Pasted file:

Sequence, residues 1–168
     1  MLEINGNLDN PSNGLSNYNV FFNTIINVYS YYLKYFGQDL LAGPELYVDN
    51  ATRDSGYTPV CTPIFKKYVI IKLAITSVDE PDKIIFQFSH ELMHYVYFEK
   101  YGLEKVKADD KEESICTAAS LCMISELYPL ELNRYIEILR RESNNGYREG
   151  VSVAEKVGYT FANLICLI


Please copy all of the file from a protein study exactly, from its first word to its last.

Sequence, residues 1–168
     1  MLEINGNLDN PSNGLSNYNV FFNTIINVYS YYLKYFGQDL LAGPELYVDN
    51  ATRDSGYTPV CTPIFKKYVI IKLAITSVDE PDKIIFQFSH ELMHYVYFEK
   101  YGLEKVKADD KEESICTAAS LCMISELYPL ELNRYIEILR RESNNGYREG
   151  VSVAEKVGYT FANLICLI